Friendships are like marriages. Some evolve to become mutually supportive and life-giving bonds while others grow more and more unhealthy, or even toxic. When a friendship ends—abruptly or subtly; via e-mail, phone conversation, or personal confrontation; with words or silence—I believe it needs to be mourned and processed in the same way as a terminated marriage. Because, even if a split was inevitable or right, it still hurts, just as much, or sometimes even more, than breaking up with a beau. Here, then, are eight ways to make sure you get closure and peace, especially if there was no good-bye.
1. Compose a good-bye letter.
Of course, no one is going to read it. But that’s not the point. The exercise of writing it is astonishingly therapeutic. I’ve written many old boyfriends letters that I never sent, some family members, and my father after he died. I needed a way to communicate that was for purely selfish reasons. So that I could hear myself say good-bye to this person that I really liked, or loved, or enjoyed having as a Facebook friend.
2. Pluck out the feeling.
Sometimes feelings need a little nudging in order for us to acknowledge and process them. It’s like they are seeds stuck in a shell, and we need to scoop them out in order to free them. Some helpful exercises for scooping out the seeds of rejection and sadness from a terminated friendship: looking through pictures of trips together or graduation from high school or college, listening to songs that trigger memories, or frequenting the coffee shop where you used to meet. They all help you to mourn an ending.
3. Plan a ritual.
I know this sounds voodoo-ish, actually that’s a step I’m getting to. But seriously, it’s not like you have a funeral to go to, or any way of moving through this in a symbolic way that can help you process your emotions. So you’re going have to create one … a ceremony of sorts.
After it was clear to me that an old boyfriend in college was simply not into me, I took the beautiful poem that he wrote me to a cemetery on the campus of Saint Mary’s College. I knelt there, ripped up the poem, and threw the pieces of paper into the air, crying (really hard). The most amazing thing happened. It started snowing. Right at that very second. It was like the heavens heard my cry, and the angels were tearing up sheets of paper right along with me. You don’t need the snow to feel better, though. Just the ripping should do the job.
4. Fill the space with something new.
This is true for any loss. When I stopped drinking I had to come up with some sober activities ASAP. Ditto when I stopped smoking. And on down the addiction list … It always feels uncomfortable at first. That’s a good sign. It means you are processing emotions, which is part of closure. If it felt cozy, then I’d say you weren’t doing it right. But change can be fun and challenging at the same time. And you’re allowed to use four lettered words if you don’t like it at first, unless you’ve given those up too.
5. Get even.
Here’s where the voodoo comes in handy. Only kidding, of course, but I did tell Fresh Living blogger Holly Rossi (for her story, click here) that if that bridesmaid/friend who dissed her (Holly) after the wedding comes begging for friendship later, when the chick is on husband number two, Holly has every right to dis her right back. But revenge doesn’t need to be mean to be effective. In fact, the best revenge is sweet, like arriving at a great spot in your life, finding peace with yourself without that person who dumped you.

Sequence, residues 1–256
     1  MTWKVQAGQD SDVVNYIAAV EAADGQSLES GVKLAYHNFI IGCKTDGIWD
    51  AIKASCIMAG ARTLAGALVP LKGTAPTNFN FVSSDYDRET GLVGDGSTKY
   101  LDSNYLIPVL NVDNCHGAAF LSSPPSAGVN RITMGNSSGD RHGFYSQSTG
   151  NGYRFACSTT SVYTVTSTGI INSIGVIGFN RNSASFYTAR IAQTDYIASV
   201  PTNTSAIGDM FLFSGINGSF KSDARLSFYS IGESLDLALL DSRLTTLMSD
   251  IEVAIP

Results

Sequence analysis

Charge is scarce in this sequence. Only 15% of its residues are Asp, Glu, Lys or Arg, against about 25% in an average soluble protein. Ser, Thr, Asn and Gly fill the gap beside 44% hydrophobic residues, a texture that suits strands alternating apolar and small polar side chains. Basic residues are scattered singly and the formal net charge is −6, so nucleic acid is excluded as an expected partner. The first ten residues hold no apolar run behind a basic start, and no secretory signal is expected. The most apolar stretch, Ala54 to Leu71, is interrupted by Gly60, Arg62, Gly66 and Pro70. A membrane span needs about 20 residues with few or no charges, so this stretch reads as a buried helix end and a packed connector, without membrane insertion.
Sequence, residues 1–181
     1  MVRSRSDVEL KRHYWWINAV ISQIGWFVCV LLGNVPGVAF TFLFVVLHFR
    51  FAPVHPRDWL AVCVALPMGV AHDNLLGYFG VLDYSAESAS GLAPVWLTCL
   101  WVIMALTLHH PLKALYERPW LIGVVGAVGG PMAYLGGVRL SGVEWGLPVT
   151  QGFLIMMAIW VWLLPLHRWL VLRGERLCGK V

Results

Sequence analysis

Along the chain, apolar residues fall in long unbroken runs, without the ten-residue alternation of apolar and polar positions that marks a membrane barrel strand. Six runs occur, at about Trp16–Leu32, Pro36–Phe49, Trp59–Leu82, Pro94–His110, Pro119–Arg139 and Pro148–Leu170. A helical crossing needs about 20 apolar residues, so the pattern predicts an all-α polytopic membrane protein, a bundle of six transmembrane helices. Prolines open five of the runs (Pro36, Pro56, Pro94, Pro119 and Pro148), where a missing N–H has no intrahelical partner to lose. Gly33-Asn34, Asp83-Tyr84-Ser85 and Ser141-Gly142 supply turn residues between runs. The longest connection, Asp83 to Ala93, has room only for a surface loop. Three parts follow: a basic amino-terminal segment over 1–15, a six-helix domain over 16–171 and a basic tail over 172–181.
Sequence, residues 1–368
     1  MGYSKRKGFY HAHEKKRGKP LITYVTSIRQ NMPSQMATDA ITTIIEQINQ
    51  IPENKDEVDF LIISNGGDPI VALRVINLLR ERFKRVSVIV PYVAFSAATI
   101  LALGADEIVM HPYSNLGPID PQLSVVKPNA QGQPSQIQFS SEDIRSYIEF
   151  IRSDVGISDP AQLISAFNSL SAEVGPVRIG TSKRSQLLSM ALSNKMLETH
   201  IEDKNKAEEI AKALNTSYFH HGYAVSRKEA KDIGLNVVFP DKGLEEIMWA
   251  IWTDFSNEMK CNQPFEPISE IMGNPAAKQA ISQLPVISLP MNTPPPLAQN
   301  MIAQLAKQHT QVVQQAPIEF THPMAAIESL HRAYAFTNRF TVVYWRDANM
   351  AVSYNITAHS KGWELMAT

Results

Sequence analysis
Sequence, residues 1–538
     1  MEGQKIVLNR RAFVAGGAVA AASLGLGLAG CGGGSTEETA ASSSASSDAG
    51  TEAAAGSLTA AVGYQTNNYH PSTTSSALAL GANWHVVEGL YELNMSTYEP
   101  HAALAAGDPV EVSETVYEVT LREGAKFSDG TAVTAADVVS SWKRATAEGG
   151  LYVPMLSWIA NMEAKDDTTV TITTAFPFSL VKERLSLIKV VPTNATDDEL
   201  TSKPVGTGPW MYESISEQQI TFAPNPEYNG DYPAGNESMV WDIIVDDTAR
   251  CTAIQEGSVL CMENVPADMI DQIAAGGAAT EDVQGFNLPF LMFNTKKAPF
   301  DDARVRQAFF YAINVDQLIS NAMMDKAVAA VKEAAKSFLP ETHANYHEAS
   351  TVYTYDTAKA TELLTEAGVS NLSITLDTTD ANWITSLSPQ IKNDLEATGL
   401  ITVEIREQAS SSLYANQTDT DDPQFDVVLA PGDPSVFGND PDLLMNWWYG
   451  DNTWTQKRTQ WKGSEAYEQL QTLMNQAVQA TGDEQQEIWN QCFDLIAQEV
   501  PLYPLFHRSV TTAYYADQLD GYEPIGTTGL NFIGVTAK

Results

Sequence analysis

6. Make a plan.
You might think about what you would do if the friend comes begging back. Because it happens. Or you run into her at the bank or the grocery, and your mouth opens but no noise comes out. Best to have a script, to think it through: if this person wants into my life again, should I let her? That’s a hard one. Go back and view my video in order to answer that question. I ask myself this: Does the relationship empower me, or deflate me? Does this person build me up or tear me down? And can I be sincere–truly sincere–when I’m with her? This goes for new friends too. Start a new friend policy now. What are the requirements from now on for a person to be your friend? You deserve some, you know.
7. Stay with the pain.
You knew I was going here, because I always do. Back to Henri Nouwen’s words, about staying with the loneliness, about feeling it, not rushing into activity to skip over it … about going through it, not around it. He writes:
It is not easy to stay with your loneliness. …. But when you can acknowledge your loneliness in a safe, contained place, you make your pain available for God’s healing. God does not want your loneliness; God wants to touch you in a way that permanently fulfills your deepest need. It is important that you dare to stay with your pain and allow it to be there. You have to own your loneliness and trust that it will not always be there. The pain you suffer now is meant to put you in touch with the place where you most need healing, your very heart….Dare to stay with your pain, and trust in God’s promise to you.
8. Don’t take it personally.
I know, I know … yeah, right! But if you can do this on any level, you save yourself so much suffering. In his classic, “The Four Agreements,” don Miguel Ruiz writes, “Even when a situation seems so personal, even if others insult you directly, it has nothing to do with you. What they say, what they do, and the opinions they give are according to the agreements they have in their own minds. …If you do not take it personally, you are immune in the middle of hell.” Man, I like that.